The exact-combinatorics package offers efficient exact computation of common combinatorial functions like the binomial coefficients and factorial. (For fast approximations, see the math-functions package instead.)
- Provides the prime numbers via Runciman's lazy wheel sieve algorithm. Provided here since efficient algorithms for combinatorial functions often require prime numbers. The current version memoizes the primes as an infinite list CAF, which could lead to memory leaks in long-running programs with irregular access to large primes. I'm looking into a GHC patch to allow resetting individual CAFs from within compiled programs so that you can explicitly decide when to un-memoize the primes. (In GHCi when you reload a module all the CAFs are reset. However, there's no way to access this feature from within compiled programs as yet.)
- Offers a fast computation of the binomial coefficients based on the prime factorization of the result. As it turns out, it's easier to compute the prime factorization of the answer than it is to compute the answer directly! And you don't even need the factorial function to do so. Albeit, with a fast factorial function, the naive definition of binomial coefficients gives this algorithm a run for its money.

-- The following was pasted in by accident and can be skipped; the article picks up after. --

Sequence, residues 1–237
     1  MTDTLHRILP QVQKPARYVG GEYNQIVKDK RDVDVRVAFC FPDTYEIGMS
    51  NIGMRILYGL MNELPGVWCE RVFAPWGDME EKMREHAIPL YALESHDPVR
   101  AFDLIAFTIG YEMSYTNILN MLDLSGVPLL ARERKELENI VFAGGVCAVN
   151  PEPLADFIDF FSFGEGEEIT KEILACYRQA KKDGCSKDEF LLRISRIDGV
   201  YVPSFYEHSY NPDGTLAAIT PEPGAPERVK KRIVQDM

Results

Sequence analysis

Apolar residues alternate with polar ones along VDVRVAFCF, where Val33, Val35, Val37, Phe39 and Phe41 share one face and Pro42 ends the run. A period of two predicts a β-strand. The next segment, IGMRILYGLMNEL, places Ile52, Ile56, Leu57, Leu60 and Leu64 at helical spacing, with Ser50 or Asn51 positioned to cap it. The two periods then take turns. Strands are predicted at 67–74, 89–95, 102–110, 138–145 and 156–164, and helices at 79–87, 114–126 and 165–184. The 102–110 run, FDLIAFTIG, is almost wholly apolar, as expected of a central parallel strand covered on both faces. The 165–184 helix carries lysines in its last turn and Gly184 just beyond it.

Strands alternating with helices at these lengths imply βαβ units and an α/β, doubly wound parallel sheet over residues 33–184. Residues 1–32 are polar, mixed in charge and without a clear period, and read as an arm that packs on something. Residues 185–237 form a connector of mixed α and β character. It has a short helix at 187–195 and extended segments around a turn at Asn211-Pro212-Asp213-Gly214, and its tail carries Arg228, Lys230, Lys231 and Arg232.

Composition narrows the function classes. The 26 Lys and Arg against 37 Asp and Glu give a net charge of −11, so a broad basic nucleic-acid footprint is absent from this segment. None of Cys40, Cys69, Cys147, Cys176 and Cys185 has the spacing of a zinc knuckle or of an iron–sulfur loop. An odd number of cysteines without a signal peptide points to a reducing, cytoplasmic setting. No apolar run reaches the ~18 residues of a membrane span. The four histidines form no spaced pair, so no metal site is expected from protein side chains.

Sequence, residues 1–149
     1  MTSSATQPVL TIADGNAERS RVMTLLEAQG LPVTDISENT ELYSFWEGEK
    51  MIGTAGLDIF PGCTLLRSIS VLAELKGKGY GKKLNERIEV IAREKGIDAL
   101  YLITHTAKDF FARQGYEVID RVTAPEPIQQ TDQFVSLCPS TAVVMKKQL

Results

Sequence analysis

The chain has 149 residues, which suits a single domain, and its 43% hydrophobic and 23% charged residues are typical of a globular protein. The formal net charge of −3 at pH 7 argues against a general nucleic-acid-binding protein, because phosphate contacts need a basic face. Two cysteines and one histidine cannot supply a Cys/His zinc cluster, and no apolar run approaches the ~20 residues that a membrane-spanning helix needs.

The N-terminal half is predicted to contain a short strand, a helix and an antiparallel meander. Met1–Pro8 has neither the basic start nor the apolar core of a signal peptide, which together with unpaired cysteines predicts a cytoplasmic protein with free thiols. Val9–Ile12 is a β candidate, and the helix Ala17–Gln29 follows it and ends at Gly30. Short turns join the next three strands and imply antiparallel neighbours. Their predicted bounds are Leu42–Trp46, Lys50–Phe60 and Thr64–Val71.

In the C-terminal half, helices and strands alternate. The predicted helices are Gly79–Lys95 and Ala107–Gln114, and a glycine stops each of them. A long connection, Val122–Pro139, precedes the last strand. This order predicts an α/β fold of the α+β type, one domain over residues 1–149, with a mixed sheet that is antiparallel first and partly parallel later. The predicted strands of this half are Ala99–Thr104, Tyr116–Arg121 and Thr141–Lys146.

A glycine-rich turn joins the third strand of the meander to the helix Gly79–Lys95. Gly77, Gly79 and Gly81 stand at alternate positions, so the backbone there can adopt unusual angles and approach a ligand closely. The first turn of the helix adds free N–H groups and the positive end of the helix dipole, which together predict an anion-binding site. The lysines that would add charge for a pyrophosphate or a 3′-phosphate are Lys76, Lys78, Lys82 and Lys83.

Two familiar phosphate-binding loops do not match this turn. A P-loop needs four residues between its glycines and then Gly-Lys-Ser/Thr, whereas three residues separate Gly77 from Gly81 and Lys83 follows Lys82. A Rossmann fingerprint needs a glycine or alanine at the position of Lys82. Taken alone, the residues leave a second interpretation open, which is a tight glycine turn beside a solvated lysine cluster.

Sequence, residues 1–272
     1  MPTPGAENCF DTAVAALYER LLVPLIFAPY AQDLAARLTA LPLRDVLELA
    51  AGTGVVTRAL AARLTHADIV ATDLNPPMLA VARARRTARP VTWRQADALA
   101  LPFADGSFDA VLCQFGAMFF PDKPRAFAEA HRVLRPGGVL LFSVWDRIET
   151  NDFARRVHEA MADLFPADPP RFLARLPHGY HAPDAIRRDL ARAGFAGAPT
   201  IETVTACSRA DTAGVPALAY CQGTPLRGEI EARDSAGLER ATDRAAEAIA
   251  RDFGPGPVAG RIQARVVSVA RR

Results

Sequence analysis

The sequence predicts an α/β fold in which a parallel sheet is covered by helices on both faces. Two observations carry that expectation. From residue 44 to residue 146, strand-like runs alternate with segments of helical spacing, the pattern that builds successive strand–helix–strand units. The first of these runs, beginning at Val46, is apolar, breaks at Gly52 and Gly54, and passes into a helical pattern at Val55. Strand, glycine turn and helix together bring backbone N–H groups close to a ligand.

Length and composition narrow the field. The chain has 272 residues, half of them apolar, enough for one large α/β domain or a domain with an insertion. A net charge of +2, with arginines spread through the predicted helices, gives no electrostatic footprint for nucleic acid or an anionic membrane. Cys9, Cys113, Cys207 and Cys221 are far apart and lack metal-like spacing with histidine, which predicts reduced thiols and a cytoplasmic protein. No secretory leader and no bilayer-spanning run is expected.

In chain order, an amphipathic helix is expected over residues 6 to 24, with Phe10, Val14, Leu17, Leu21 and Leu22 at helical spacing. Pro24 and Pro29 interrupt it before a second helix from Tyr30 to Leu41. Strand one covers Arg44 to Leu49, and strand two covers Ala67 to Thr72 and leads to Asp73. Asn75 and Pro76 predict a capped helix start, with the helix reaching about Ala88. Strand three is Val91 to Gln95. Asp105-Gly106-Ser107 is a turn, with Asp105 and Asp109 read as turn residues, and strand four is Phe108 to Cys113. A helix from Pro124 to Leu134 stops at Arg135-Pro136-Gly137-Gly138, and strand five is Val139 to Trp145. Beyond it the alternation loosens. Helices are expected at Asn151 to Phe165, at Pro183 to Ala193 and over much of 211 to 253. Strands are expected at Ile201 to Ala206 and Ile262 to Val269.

- Offers a fast computation of factorial numbers. As Peter Luschny comments, the factorial function is often shown as a classic example of recursive functions, like addition of Peano numbers, however that naive way of computing factorials is extremely inefficient and does a disservice to those learning about recursion. The current implementation uses the split-recursive algorithm which is more than sufficient for casual use. I'm working on implementing the parallel prime-swing algorithm, which should be a bit faster still.
- Homepage: http://code.haskell.org/~wren/
- Hackage: http://hackage.haskell.org/package/exact-c
- Darcs: http://community.haskell.org/~wren/exact-c
- Haddock: Darcs version